Frequently Asked Questions about Poll Working
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Frequently Asked Questions about Poll Working

What do poll workers do?

There are many kinds of jobs for poll workers to do, including helping voters maintain physical distance in lines, wiping down machines and equipment, and helping voters check in, understand their ballots, and cast their vote. With absentee and mail voting, poll workers also help open and count mailed ballots.

Are poll workers paid?

Poll worker pay varies by location. In most cases, you will be paid with a check for a day’s worth of work. In some cases, poll working may be voluntary and not paid.

Can anyone be a poll worker?

Qualifications vary by jurisdiction. Many states require poll workers to be registered to vote in the state or their local jurisdiction. In some cases, younger people who aren’t yet eligible to vote can also serve as poll workers.

What if I can only serve for part of a day?

You should still sign up and let your election officials know about your availability.

If I’m working the polls, when do I vote?

Poll workers usually cast their votes early or by mail, but some cast their votes on Election Day. Certain jurisdictions may require poll workers to vote early or via absentee ballot. Please contact your local elections official for details about how poll workers cast their ballots.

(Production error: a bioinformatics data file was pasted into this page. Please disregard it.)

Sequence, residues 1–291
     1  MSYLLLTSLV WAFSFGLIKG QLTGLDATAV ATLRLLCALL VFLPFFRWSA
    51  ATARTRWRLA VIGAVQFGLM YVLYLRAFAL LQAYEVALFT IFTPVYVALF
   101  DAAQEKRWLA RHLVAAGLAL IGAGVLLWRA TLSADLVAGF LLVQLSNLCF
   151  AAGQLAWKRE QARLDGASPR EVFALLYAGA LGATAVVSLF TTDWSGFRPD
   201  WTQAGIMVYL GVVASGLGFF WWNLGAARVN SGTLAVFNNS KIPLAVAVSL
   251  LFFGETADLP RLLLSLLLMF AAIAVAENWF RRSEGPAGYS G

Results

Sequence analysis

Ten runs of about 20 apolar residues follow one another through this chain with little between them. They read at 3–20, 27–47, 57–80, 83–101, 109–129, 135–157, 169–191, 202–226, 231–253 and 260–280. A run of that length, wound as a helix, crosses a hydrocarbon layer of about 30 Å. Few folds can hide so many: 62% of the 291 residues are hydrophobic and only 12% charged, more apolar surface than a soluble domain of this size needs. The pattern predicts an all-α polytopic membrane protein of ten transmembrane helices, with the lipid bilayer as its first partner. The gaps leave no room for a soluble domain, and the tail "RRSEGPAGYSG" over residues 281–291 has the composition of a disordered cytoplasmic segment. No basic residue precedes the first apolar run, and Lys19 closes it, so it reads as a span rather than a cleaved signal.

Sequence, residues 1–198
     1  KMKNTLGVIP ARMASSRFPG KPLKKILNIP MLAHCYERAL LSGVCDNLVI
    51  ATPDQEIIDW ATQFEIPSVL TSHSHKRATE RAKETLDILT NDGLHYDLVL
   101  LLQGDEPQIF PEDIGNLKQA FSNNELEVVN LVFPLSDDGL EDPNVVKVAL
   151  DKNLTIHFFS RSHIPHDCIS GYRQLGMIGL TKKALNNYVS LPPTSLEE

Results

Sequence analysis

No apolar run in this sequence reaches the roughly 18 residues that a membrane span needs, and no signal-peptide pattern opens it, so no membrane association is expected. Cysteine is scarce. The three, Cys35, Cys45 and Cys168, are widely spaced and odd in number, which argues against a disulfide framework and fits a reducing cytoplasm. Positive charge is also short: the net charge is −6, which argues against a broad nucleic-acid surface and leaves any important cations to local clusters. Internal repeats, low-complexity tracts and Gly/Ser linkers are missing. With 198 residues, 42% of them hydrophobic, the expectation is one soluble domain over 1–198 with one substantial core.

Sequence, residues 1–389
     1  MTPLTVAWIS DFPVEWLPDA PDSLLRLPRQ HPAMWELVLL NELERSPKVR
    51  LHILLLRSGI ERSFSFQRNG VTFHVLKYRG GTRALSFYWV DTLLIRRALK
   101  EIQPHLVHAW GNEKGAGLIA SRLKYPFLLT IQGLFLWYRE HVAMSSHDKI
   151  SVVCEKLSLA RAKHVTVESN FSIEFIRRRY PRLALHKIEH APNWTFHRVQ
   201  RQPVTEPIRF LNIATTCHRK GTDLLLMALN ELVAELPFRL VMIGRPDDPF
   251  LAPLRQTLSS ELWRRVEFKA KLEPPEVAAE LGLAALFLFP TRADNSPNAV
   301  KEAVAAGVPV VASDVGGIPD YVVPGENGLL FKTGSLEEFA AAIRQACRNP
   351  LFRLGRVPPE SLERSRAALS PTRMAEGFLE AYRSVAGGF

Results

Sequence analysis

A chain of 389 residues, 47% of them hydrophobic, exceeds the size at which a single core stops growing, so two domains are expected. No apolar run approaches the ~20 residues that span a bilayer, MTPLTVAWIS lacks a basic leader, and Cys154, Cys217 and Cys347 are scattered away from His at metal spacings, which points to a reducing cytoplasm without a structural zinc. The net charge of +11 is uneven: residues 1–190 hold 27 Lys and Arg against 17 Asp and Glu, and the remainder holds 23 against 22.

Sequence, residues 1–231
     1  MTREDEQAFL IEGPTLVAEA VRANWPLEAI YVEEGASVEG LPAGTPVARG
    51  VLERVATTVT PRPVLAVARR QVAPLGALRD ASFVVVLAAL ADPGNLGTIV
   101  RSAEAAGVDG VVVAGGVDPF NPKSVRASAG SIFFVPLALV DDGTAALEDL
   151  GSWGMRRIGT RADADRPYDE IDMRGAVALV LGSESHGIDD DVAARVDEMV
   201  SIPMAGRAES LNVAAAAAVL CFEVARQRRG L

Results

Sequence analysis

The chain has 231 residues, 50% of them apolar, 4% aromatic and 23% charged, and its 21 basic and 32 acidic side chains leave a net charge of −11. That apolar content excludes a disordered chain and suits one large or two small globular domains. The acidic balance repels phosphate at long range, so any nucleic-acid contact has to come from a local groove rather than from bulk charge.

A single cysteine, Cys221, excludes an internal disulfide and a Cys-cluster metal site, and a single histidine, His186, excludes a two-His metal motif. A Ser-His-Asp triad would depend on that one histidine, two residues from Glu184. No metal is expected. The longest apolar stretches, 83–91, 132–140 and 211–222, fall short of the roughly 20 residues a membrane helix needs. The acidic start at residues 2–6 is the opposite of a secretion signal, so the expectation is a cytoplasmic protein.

Can I take the day off to work the polls?

In many states, companies must give workers time off to vote by law, and some companies are creating or extending policies to allow time off for poll working. Ask your employer and encourage colleagues to join you.

Does it matter if I’m a Democrat, Republican or Independent?

Poll working is usually a non-partisan activity and your party affiliation does not matter, but in some states poll workers are matched to locations in pairs based on their party registration. Applications in some jurisdictions may ask you for party registration information.

I’m an experienced poll worker, but I’m not comfortable serving this year due to COVID. How can I help?

You might be able to help virtually, but the most important thing you can do is recruit someone to replace you this year to help keep polling locations open.